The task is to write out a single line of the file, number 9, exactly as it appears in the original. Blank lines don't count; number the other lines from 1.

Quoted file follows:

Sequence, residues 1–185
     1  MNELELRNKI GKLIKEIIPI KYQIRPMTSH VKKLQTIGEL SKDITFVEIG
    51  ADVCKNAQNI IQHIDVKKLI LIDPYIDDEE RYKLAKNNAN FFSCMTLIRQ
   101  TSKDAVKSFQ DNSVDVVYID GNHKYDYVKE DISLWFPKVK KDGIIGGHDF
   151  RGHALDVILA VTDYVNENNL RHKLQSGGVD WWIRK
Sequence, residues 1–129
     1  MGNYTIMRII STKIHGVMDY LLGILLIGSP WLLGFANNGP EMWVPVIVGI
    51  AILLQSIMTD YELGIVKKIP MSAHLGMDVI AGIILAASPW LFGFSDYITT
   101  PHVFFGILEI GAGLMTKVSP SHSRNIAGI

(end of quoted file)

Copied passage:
   101  PHVFFGILEI GAGLMTKVSP SHSRNIAGI